• Kinney W.
        Five-year experience of human papillomavirus DNA and Papanicolaou test cotesting.
        Obstet Gynecol. 2009; 113: 595-600
        • Dunne E.F.
        • Unger E.R.
        • Sternberg M.
        • et al.
        Prevalence of HPV infection among females in the United States.
        JAMA. 2007; 297: 813-819
      3. American Society for Colposcopy and Cervical Pathology HPV genotyping clinical update 2009.
        (Accessed April 29, 2009)
        • Wright Jr, T.C.
        • Massad L.S.
        • Dunton C.J.
        • Spitzer M.
        • Wilkinson E.J.
        • Solomon D.
        2006 consensus guidelines for the management of women with abnormal cervical cancer screening tests.
        Am J Obstet Gynecol. 2007; 197: 346-355
        • Kulasingam S.L.
        • Hughes J.P.
        • Kiviat N.B.
        • et al.
        Evaluation of human papillomavirus testing in primary screening for cervical abnormalities: comparison of sensitivity, specificity, and frequency of referral.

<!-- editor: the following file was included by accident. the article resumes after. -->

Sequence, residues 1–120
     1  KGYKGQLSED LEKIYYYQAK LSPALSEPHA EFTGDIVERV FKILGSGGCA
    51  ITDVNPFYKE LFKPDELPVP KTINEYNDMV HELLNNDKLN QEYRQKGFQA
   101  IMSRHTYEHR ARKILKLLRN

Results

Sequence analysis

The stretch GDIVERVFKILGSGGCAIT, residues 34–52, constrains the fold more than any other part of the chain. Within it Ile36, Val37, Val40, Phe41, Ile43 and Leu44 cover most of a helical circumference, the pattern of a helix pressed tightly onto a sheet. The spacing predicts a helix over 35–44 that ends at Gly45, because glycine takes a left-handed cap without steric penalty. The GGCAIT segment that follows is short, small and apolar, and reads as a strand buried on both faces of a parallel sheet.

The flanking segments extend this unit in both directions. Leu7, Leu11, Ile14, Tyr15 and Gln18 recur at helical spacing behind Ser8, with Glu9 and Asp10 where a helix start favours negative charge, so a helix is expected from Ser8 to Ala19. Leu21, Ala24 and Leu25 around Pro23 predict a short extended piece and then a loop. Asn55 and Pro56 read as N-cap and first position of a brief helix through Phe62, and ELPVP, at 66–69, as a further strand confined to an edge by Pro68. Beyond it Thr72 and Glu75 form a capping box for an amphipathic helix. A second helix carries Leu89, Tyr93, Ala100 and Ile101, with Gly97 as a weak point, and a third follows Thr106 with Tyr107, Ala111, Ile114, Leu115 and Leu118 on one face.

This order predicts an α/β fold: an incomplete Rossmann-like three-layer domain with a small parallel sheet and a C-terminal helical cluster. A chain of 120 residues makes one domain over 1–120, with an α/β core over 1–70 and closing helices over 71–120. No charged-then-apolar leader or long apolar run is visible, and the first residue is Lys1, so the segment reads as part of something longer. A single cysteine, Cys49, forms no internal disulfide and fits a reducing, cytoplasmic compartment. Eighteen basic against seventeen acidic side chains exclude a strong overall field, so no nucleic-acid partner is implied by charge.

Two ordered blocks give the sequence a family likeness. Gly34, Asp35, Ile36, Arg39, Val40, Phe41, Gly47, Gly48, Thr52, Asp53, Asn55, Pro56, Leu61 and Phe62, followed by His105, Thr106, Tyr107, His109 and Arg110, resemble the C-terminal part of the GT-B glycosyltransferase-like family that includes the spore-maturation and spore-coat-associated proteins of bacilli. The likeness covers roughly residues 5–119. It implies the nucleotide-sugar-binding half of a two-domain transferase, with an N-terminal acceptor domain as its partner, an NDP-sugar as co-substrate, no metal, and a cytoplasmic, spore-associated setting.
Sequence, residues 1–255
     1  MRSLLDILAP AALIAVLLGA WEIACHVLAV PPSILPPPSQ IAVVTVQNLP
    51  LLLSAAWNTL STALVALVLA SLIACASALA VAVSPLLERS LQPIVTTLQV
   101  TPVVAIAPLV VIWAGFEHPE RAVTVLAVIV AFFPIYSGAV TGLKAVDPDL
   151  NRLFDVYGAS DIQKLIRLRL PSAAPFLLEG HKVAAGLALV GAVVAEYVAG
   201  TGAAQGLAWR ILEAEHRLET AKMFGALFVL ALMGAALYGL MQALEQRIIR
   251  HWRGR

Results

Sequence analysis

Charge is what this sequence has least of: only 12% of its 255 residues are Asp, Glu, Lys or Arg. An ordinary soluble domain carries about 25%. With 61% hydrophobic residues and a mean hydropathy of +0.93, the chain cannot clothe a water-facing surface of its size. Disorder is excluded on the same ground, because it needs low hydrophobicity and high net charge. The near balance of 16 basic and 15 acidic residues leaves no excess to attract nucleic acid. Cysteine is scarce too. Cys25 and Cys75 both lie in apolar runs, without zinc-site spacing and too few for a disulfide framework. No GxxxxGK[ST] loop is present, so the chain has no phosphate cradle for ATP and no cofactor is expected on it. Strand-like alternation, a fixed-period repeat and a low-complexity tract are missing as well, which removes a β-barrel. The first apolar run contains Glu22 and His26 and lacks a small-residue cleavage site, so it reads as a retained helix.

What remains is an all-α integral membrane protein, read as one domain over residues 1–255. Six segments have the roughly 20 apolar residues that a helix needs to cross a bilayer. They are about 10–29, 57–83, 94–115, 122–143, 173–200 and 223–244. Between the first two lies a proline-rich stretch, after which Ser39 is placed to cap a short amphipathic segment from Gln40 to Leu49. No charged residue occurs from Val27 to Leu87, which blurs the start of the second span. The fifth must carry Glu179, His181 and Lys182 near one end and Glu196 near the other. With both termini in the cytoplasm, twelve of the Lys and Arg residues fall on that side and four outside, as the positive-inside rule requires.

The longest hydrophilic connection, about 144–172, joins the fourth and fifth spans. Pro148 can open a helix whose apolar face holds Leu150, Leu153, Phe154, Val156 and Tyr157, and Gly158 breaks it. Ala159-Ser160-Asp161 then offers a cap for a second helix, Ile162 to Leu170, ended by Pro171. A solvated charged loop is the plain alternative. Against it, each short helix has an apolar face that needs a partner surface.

JAMA. 2002; 288: 1749-1757
        • Denny L.
        • Kuhn L.
        • De Souza M.
        • Pollack A.E.
        • Dupree W.
        • Wright Jr, T.C.
        Screen-and-treat approaches for cervical cancer prevention in low-resource settings: a randomized controlled trial.
        JAMA. 2005; 294: 2173-2181
        • Mayrand M.H.
        • Duarte-Franco E.
        • Rodrigues I.
        • et al.
        Human papillomavirus DNA versus Papanicolaou screening tests for cervical cancer.
        N Engl J Med. 2007; 357: 1579-1588
        • Sasieni P.
        Estimating prevalence when the true disease status is incompletely ascertained.
        Stat Med. 2001; 20: 935-949
        • Clifford G.M.
        • Rana R.K.
        • Franceschi S.
        • Smith J.S.
        • Gough G.
        • Pimenta J.M.
        Human papillomavirus genotype distribution in low-grade cervical lesions: comparison by geographic region and with cervical cancer.
        Cancer Epidemiol Biomarkers Prev. 2005; 14: 1157-1164
        • Smith J.S.
        • Lindsay L.
        • Hoots B.
        • et al.
        Human papillomavirus type distribution in invasive cervical cancer and high-grade cervical lesions: a meta-analysis update.
        Int J Cancer. 2007; 121: 621-632